Views · Wildflowers · Wildlife
Off-leash dogs must be under voice and sight control.
This is a pleasant loop, suitable for people of most fitness levels. Because it is so exposed to the sun, it dries out quickly after snowstorms making it a favorite wintertime destination for hikers and runners. Expect to share this popular trail with mountain bikers, equestrians and off-leash dogs.
Need to Know
Very little shade on this route, can get very hot at mid-day.
Generally good surface, but bike and horse traffic can cause ruts especially after rain. There are usually smoother parts near the edges.
This loop starts at the Boulder Valley Ranch Trailhead off Longhorn Road. On the north side of the parking lot, open a gate and head right (northeast) on the Sage Trail
. Views of the Boulder County foothills open up. The trail meanders through a few shallow ravines and next to a private working ranch. This is a chance to see barns, stables and friendly horses up close. Climb up a short incline and views of the flatirons and a small pond are revealed. After the junction with the North Rim Trail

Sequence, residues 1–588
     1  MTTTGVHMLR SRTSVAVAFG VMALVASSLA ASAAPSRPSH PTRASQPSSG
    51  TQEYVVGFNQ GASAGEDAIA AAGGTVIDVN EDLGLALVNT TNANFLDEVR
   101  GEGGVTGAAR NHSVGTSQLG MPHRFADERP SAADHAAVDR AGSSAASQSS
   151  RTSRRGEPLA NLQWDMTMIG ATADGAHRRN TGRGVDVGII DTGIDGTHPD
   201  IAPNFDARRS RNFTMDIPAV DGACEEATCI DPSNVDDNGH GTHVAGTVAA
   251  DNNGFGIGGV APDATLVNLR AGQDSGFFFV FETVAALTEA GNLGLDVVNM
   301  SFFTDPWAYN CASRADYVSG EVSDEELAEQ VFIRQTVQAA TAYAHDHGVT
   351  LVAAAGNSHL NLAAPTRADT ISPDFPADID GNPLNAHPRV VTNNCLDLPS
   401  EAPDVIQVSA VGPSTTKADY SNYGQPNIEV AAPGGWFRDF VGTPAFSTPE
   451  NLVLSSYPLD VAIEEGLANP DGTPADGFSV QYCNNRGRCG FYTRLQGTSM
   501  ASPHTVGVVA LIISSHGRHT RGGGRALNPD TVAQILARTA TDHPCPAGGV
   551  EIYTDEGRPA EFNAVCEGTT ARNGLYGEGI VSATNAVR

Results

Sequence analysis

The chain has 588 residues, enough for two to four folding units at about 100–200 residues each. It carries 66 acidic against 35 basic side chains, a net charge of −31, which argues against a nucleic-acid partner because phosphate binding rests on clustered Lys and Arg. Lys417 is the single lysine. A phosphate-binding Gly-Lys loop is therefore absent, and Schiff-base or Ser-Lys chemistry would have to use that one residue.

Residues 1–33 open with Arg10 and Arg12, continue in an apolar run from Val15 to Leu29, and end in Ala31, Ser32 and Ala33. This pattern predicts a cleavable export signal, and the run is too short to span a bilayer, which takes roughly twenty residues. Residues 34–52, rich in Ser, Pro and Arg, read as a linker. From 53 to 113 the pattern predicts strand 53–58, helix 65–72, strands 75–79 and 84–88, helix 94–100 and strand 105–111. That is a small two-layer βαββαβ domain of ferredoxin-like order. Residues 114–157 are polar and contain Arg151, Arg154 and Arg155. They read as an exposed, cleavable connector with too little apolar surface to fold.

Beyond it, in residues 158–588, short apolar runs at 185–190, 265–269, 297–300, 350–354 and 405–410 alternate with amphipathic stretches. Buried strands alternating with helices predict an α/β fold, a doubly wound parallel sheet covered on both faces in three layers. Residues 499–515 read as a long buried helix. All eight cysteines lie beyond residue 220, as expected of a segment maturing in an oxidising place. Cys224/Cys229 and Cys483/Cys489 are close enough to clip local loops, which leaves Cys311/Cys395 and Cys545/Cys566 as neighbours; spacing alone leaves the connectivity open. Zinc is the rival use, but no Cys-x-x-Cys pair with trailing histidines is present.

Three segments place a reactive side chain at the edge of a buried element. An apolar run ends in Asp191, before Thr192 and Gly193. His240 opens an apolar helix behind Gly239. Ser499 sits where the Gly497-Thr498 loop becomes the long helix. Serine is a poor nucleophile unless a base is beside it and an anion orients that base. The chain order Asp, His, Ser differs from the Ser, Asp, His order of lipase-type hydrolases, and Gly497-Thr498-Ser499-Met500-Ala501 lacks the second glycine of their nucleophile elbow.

, continue along through open, grassy pastures inhabited by prairie dogs. In the distance to the east you'll see Boulder Reservoir and Sixmile Reservoir. The Sage Trail
ends at a gate which is its junction with the Eagle Trail
From here, take the Eagle Trail
down a steep, somewhat eroded slope towards a small dammed pond. The trail passes directly over the dam where you'll often see waterfowl paddling between the marshy cattails. Begin the mile long, gentle climb through fields of tall grass, pausing to look back for more reservoir views. After some westward travel through an area with scattered tall cottonwoods, you'll come to the intersection of the Eagle Trail
and the Sage Trail
. Luckily, this loop does not climb up the steep mesa, instead, follow the Sage Trail
west on level ground next to the farmer's irrigation ditch (built in 1862). This is the only shade in the whole area, so enjoy it! The trail is easy going, flat and wide with a smooth dirt surface. The loop ends back at the Boulder Valley Ranch Trailhead parking area.
Flora & Fauna
Eagles, northern harriers, red-tailed hawks, owls, deer, coyotes, prairie dogs, rattlesnakes, bull snakes. Yucca, cottonwoods.
History & Background
The 1990 Olde Stage wildfire burned this area. The Boulder Valley Ranch is a currently working and historic ranch.
Shared By: Megan W